Dann: Raymond! I was walking to the Lake Street Screening Room in Chicago when I noticed a Wabash parking garage heaped with twisted, smashed cars and huge chunks of broken concrete. It was a set for "Transformers 3" being filmed right here in Chicago. And that got me thinking about other movies - the good kind - shot in and around the Windy City. Do you have any favorites?
Raymond: Quite a few. The first major Hollywood feature film to be shot in our metropolis wasn't until 1948: the true crime investigative noir pic "Call Northside 777" with James Stewart. I like that a lot, for starters.
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Dann: For me, the quintessential Chicago movie has to be Brian De Palma's "The Untouchables." It's about Chicago, shot in Chicago and it won an Oscar for Sean Connery as a Windy City beat cop drafted by Kevin Costner's Eliot Ness to be a member of his elite federal team.
Raymond: You beat me to it! That's my favorite Chicago movie, too. All right, Mr. Capone, here's another goodie: "My Bodyguard," a little 1980 heart warmer by Tony Bill that's also one of the best movies about high school ever made. It features Matt Dillon as a bully, and watch for a young Joan Cusack
Dann: And a young Jennifer Beals and Adam Baldwin. Several wonderful teen movies have been shot here: "16 Candles," "Risky Business," "The Breakfast Club." And who could forget "Ferris Bueller's Day Off" with that great parade sequence in the Loop?
Raymond: We can thank the late John Hughes for those good teen movies. Adam Baldwin also has a supporting role as one of Timothy Hutton's high school friends in the excellent "Ordinary People" that was made in Highland Park, Lake Forest, and Lake Bluff. Several films were made in the North suburbs, including Robert Altman's "A Wedding."
Dann: Right you are, Raymond. In fact, I say that the four most important movies ever made in Chicagoland are "A Wedding," "Ordinary People," "My Bodyguard" and "The Blues Brothers."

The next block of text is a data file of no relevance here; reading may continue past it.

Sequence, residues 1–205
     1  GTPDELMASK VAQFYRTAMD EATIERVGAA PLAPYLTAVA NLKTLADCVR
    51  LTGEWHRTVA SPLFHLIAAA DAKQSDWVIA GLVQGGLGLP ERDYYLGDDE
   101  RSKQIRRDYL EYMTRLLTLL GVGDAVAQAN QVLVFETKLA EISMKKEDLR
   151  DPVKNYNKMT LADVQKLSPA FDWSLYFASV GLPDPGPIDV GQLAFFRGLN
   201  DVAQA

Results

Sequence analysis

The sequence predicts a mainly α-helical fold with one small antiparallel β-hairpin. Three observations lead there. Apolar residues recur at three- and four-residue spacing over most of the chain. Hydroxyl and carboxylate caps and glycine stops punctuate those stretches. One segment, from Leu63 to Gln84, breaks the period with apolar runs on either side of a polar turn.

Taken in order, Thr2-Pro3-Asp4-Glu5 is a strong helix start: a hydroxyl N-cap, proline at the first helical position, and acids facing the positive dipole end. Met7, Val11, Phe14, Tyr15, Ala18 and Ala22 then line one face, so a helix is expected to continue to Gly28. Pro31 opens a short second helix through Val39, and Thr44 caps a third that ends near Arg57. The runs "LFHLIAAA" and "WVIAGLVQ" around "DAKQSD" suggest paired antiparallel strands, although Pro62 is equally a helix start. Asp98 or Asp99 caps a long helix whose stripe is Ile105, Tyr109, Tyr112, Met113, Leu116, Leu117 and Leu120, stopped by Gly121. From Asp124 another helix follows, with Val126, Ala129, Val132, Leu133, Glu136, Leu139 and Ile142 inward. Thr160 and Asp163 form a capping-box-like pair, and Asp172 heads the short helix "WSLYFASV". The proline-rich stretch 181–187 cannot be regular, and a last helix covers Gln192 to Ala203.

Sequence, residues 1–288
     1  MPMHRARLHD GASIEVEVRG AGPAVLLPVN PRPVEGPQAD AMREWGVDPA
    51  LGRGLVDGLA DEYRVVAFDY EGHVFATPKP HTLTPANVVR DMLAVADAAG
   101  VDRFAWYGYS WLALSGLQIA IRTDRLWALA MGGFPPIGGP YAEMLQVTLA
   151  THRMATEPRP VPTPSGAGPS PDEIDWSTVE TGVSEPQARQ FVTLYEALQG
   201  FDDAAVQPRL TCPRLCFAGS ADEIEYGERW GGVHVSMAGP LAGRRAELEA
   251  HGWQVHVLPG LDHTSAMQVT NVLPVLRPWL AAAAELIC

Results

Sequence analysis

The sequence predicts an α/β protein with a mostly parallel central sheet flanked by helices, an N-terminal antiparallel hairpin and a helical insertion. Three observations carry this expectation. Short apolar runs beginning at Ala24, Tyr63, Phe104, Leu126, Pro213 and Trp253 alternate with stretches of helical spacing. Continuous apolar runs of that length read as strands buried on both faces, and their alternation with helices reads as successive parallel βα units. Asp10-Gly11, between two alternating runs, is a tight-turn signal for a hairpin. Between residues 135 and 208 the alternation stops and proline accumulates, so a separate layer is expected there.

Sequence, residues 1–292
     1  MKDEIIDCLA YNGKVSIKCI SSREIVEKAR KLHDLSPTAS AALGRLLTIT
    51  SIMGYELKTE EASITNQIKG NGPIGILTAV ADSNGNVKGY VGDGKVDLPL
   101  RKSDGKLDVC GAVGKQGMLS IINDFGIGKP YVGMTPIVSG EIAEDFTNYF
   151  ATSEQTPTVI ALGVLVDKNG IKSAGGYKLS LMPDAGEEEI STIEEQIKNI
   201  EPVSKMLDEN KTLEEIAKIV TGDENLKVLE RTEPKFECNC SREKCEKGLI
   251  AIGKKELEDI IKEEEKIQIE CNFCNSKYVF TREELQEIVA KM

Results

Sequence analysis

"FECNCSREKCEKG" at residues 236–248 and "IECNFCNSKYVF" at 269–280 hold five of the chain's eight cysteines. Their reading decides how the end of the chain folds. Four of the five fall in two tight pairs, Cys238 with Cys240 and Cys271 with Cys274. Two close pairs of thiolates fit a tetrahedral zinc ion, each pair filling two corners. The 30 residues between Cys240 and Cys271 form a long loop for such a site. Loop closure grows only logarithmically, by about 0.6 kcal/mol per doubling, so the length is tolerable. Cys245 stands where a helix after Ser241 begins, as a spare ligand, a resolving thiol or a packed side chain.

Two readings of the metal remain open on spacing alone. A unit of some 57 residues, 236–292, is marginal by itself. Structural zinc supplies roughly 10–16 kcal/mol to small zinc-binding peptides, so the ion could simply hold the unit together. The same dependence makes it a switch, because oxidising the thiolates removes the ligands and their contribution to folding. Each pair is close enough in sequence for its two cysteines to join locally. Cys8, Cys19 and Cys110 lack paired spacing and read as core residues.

Raymond: OK, why?
Dann: They were at the vanguard of the Windy City renaissance as a filmmaking capital in the late 1970s and early '80s. Up to then, Mayor Richard Dailey the First had virtually banned movie production in Chicago because of how negatively Haskell Wexler's classic "Medium Cool" depicted Chicago's handling of the 1968 National Democratic Convention riots. After Daley died in 1976, the cinematic floodgates opened, and these four movies put Chicago instantly on the movie map because they were well-made and they made money.
Raymond: What about action movies, Dann? Hit me with some titles that are known for Chicago scenery.
Dann: I'd go with "The Blues Brothers" with the Blues Mobile crashing through the glass at Daley Plaza, and "The Fugitive" with another momentous parade sequence.
Raymond: Then there's "Batman Begins" and "The Dark Knight," although the latter shows off the city more, and quite spectacularly. The showdown on LaSalle Street is quite the set-piece. Remember in Steve McQueen's last movie "The Hunter," there's that iconic scene in which a car shoots into the air off the Marina City Tower parking lot and lands in the Chicago River?
Dann: A spectacular stunt with no digital effects! Actually, that's about the only thing anyone remembers from "The Hunter" because it really wasn't worthy of being McQueen's last movie.
Raymond: How about "Henry: Portrait of a Serial Killer"? One of the creepiest and most realistic horror/crime movies ever made. And speaking of horror, there are all kinds of scary movies made in and around Chicago, like that - Cough! Cough! - remake of "Nightmare on Elm Street." In my book, the best horror movie made in Chicago is "Candyman." Cabrini Green as a setting for horror. Who woulda thought?
Dann: That reminds me. "Transformers 3" will be coming out soon. Prepare to be really horrified.
• Dann & Raymond's Movie Club presents "Sweet Home Movies: Films Made in the Windy City" with discussions and clips at 7:30 p.m. Thursday at the Schaumburg Township District Library, 130 S. Roselle Road, Schaumburg. At 7:30 p.m. Sept. 9, Dann & Raymond present "On the Banned Wagon: Hollywood's Forbidden Films" at the Arlington Heights Memorial Library, 500 N. Dunton St., Arlington Heights. Free admission at both venues.